One of the most common reasons why golfers stop playing is due to chronic lower back pain, with cases being so common that nearly 30% of golfers have experienced limited play due to lower back pain. There are various reasons for why golfers get lower back pain, such as poor technique and over exposure. When considering the forces involved throughout a golf swing, it’s no wonder the musculoskeletal damage to the spine can be long lasting and highly painful. With summer right around the corner, and golfers just itching to get out onto the course, we’ve put together some top tips on how to reduce the risk of injuring your lower back whilst playing golf this summer!
- Get training!
Why wait until the golf season before you start to get in shape? We recommend that you exercise in three areas to fully prepare your body. These areas include, aerobic exercise which can be done in the form of a half hour walk/cycle/swim twice a week. Secondly, stretching. This is highly important as stretching your hip reflectors reduces the stress to the spine which is vital for the swinging motion created when golfing. Finally, strengthen! Again, when swinging, you’re using a lot of your core and leg muscles, so strengthening these areas will give you better stability and power when swinging, reducing the chance of injury.
- Classic Swing
It’s recommended that you learn the classic style golf swing as this reduces the limited hip and pelvis rotation by swinging both the hips and shoulders, opposed to the modern swing which keeps the torso and shoulders in a loaded position. This modern swing can be linked with the increasing number of golfers suffering from lower back pain, with many golfing pro’s recommending the classic style which has a greater biomechanics in the swing.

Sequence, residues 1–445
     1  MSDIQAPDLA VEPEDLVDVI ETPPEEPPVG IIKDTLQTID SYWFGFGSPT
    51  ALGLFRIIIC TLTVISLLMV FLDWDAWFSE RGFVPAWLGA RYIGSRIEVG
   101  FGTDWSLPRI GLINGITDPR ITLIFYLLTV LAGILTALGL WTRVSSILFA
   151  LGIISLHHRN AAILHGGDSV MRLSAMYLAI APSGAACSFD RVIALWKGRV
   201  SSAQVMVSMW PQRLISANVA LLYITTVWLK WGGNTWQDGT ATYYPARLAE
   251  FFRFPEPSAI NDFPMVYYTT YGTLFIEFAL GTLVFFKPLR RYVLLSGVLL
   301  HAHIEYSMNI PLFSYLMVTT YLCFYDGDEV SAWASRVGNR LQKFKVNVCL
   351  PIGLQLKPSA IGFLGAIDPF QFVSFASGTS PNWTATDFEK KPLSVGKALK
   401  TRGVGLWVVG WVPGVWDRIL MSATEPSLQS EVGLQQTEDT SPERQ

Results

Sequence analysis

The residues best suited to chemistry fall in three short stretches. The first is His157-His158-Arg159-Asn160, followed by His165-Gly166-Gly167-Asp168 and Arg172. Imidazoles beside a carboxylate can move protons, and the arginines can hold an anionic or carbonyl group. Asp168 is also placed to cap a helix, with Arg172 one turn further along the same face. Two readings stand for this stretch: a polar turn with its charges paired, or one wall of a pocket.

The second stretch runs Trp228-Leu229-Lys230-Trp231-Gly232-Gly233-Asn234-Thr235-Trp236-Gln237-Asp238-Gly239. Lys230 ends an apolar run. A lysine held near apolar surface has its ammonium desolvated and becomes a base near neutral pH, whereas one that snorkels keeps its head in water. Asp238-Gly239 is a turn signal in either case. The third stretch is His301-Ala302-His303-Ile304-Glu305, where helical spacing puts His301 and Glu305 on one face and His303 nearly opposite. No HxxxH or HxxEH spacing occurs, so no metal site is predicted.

- Ease yourself in
It’s always fun to get to the driving range, crack out that driver and start sending those balls down the range as far as possible. This however, is not so much fun for your back, with those powerful repeat drives causing a lot of distress to yur spine. It’s recommended you start off slowly with some chips and pitches, and then process your way up through the bag. This will slowly ease you into the game, reducing your chance of injury during training.
- Don’t go too hard!
Whilst competition can get the better of you, making you want to drive the ball as far as Happy Gilmore, we recommend that you don’t exhaust yourself trying to get the ball as further than your ability will allow, as you risk injuring yourself and interrupting your training calendar.
- Play within your capabilities
If you’ve had the winter season off, don’t jump straight in the deep end by playing 18 holes straight away. You’re body is’nt ready, and neither will your mind be. You can injure yourself playing too much, too soon, so ease yourself back into the game. Start off your golfing season with a few practises at the range first, and a few holes over a couple of weeks to really give your body the warm up it needs.
- If in doubt, cut it out
If when playing again you feel any kind of back pain, simply stop! If you keep on playing throughout a pain hoping that it’ll ‘wear off’ you can be causing a lot of long term damage to your spine and body generally. It’s best to go and get a professional medical opinion on your symptoms as early intervention makes the damage a lot easier to treat than to wait until the pain is unbearable, and the damage sometimes untreatable.